5. Fluid connective tissue
Aerolar (loose) connective tissue:
  • It is a loose and cellular connective tissue. Its matrix consists of two kinds fibers: white collagen fibers and yellow elastic fibers.
  • Aerolar connective tissue is found between the skin and muscles, around blood vessels and nerves and in the bone marrow.
  • It fills the spaces between different tissues and organs, hence called packing tissue.
Functions:
  • It acts as supporting and packing tissue between organs lying in the body cavity.
  • It provides rapid diffusion of oxygen and nutrients from blood vessels.
  • It helps in repair of tissues after an injury.
  • It helps in fighting foreign antigen and toxin.
Dense connective tissue:
  • It is a fibrous connective tissue. It is characterized by ordered and densely packed collection of fibers and cells.
  • It is the chief component of ligaments and tendons.
  • Ligaments: These are elastic structures made up of yellow elastic fibrous tissue s which connect bone to another. It has considerable strength. Ligaments contain very little matrix. Ligaments strengthen the joint and they prmit normal movement but prevent over-flexing or over-extension. Sprain is caused by excessive pulling (stretching) of ligaments.
  • Tendons: Te dons are cord like, strong inelastic structures that join skeletal muscles to bones. They are composed of white collagen fibrous tissue.
  • It has great strength but its flexibility is limited.
Adipose tissue:
  • It consists of large number of oval and rounded adipose cells (adipocytes) filled with fat globules.
  • The adipose tissue is abundant below the skin, between the internal organs (e.g., around the kidney) in yellow bone marrow.
Functions:
  • It serves as a fat reservoir.
  • Adipose tissue acts as food reservoir by storing fat.
  • It acts as an insulator and regulates body temperature.
Skeletal tissue:
  • Skeletal connective tissue forms the endoskeleton of the body of vertebrates. It includes cartilage and bone.
S.No.
Bone
Cartilage
1.
They are hard and flexible endoskeleton.
They are soft and flexible endoskeleton.
2.
Porous in nature.
Non-porous in nature.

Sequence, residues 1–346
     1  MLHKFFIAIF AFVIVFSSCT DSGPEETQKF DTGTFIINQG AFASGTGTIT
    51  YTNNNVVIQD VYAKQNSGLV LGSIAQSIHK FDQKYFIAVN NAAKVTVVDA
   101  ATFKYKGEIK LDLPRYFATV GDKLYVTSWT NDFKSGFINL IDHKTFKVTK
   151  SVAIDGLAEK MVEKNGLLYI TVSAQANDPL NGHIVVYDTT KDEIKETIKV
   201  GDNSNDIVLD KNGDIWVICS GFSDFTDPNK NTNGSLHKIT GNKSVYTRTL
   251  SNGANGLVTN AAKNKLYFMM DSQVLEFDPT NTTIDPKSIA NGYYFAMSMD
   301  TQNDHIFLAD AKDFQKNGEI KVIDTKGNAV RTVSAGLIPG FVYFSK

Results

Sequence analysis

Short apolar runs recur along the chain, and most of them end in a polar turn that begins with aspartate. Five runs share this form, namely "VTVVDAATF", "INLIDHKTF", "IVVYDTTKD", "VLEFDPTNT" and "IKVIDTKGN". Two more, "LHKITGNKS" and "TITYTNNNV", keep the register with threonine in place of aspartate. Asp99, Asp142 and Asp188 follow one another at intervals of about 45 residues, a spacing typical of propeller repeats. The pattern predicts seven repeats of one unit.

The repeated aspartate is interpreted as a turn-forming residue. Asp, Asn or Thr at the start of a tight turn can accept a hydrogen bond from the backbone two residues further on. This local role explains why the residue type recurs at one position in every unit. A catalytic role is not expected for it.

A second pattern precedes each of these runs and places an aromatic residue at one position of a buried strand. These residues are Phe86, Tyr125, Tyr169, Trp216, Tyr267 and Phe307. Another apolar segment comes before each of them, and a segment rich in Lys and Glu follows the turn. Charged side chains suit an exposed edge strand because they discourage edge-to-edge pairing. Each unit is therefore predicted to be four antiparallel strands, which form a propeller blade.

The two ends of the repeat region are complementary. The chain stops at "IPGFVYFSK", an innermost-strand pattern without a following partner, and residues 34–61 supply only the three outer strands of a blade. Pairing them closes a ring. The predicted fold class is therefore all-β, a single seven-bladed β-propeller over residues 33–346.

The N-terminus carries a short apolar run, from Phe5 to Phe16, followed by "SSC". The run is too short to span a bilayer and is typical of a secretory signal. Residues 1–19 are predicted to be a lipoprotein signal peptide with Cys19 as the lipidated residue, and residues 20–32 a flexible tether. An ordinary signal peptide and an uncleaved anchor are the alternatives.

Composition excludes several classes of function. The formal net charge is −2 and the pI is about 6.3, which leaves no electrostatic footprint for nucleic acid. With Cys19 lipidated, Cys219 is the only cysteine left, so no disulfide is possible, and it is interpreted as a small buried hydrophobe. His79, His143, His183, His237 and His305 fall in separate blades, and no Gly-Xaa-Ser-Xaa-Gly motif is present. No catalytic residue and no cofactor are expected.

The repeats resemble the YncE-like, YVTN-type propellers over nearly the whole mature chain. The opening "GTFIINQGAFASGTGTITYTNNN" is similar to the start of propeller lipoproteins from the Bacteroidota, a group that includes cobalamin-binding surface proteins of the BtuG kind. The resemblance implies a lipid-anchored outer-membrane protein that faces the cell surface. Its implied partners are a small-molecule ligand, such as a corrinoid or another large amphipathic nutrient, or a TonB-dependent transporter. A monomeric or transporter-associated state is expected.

3.
Blood vessels are present.
Blood vessels are absent.
4.
Matrix not arranged in lamellae.
Matrix (chondrin) arranged in lamellae.
6.
Bone cells are known as osteocytes.
The cells in matrix are called chondriocytes.
7.
Matrix contains protein and mineral salts.
Matrix made up mainly of protein.
8.
Long bones contain bone marrow in hollow, narrow cavity.
Bone marrow absent. Cartilage is always solid.
9.
Bones are present in the whole body forming internal skeletal framework.
Cartilage are present at the joints of bones, in external ear (pinna), nose tip, epiglottis, trachea etc.
10.
Functions:
  • It provides shape to the body.
  • It provides skeletal support to body.
  • It protects vital body organs such as brain, lungs etc.
Functions:
  • Cartilage provides support and flexibility to the body parts.
  • It smoothens body surfaces at joints.
Fluid connective tissue: Fluid connective tissue links the different parts of the body and maintains continuity in the body. It includes blood and lymph.
Blood:
  • Blood is fluid connective tissue. In this tissue cells move in a fluid or liquid matrix or medium called blood plasma.
  • The blood plasma does not contain protein fibres but contain cells called blood corpuscles or blood cells. These blood corpuscles and cells are:
Red blood corpuscles (RBC) or erythrocytes
White blood corpuscles (WBC) or leucocytes
Platelets
RBCs and WBCs are living, while plasma and platelets are non-living.